Neither is public urination. But . . . don't do either.
On Tuesday, June 13, New York City lessened some of the penalties associated with public drinking and public urination. The measures are intended to reduce the backlog of criminal cases that are crowding NYC courtrooms.
It may also help immigrants in the U.S. without documentation or who are here on DACA status to avoid being targeted for removal.
Public intoxication may still net you a ticket
It is important to note that it is still against the law to be publicly intoxicated, and of course you cannot urinate on city sidewalks. But moving forward, police can issue tickets to offenders, which will be handled in the civil court system, similarly to how minor traffic violations are treated.
In 2016, over 100,000 people were arrested for either public intoxication or urinating in public. The New York Police Department released its new policy in accordance with the Criminal Justice Reform Act, passed by New York City in 2016.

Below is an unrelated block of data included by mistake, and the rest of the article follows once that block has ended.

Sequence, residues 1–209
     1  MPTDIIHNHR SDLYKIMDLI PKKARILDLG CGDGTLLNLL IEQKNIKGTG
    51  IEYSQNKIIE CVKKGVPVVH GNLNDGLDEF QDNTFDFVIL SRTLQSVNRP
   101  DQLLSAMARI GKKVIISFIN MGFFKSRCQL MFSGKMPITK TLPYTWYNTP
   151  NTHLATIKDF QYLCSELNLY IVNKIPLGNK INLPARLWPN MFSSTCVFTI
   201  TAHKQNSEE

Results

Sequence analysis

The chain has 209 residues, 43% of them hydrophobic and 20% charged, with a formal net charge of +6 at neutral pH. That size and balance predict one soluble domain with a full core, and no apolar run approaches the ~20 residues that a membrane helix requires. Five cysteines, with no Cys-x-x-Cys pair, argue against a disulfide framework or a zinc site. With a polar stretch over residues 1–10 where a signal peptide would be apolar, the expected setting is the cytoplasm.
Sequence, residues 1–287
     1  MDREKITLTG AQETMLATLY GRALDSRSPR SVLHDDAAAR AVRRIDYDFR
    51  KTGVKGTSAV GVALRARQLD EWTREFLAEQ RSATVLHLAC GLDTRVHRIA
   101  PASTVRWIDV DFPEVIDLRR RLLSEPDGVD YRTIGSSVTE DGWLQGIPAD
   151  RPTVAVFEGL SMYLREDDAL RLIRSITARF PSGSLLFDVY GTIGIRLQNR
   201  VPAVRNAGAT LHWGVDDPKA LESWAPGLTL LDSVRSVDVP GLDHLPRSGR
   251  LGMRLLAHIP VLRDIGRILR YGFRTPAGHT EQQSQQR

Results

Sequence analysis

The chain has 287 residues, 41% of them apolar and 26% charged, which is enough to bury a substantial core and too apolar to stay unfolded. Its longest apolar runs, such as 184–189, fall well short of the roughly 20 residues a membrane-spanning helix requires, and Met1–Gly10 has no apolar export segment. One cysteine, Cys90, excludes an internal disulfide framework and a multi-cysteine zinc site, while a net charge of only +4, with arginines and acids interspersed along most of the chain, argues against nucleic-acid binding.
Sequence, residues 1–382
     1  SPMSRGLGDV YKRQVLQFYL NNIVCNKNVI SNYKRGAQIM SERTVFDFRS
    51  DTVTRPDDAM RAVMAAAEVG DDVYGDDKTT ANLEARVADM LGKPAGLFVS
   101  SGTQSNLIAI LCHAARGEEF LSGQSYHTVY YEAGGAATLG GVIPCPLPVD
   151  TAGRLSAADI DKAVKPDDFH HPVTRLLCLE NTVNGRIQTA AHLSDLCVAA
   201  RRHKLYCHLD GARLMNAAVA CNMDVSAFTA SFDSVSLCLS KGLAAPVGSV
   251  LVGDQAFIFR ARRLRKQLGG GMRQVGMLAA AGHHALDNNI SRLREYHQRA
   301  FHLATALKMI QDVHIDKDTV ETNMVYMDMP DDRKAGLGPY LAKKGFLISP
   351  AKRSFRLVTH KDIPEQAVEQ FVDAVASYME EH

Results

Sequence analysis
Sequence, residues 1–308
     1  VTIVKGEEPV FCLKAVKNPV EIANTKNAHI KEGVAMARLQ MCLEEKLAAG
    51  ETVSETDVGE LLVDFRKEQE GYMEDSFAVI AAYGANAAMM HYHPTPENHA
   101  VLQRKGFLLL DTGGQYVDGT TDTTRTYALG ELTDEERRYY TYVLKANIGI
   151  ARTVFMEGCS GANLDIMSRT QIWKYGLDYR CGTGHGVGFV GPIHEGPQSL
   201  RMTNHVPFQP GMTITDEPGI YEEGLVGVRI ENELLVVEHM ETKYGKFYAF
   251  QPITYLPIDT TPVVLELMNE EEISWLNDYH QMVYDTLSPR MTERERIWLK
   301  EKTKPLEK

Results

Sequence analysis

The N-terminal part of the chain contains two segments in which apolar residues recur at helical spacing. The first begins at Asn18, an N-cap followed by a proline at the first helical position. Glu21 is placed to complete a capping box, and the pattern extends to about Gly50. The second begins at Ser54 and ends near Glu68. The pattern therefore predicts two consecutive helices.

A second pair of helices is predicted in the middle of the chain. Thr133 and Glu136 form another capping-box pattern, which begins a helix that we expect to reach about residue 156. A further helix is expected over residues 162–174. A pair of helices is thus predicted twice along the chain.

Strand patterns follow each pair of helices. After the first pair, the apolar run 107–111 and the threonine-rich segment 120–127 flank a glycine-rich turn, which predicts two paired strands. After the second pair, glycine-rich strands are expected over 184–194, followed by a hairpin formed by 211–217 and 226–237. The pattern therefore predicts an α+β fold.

It can still be a crime, in some circumstances
People with criminal records can still be charged with a crime for being intoxicated or urinating in public. You can be arrested if you are currently on parole or you have two felonies in the previous two years. This could include felony DWI charges.
Really, NYC is not condoning urinating in public
Reducing the number of people charged with a crime is a good goal. A criminal charge, even if a misdemeanor, can still have significant consequences, including coming up on a background check for employment.
Still, no one wants a ticket. And public intoxication as a crime is usually associated with other behavior that can certainly still lead to a criminal charge, including assault, drunk driving and other crimes.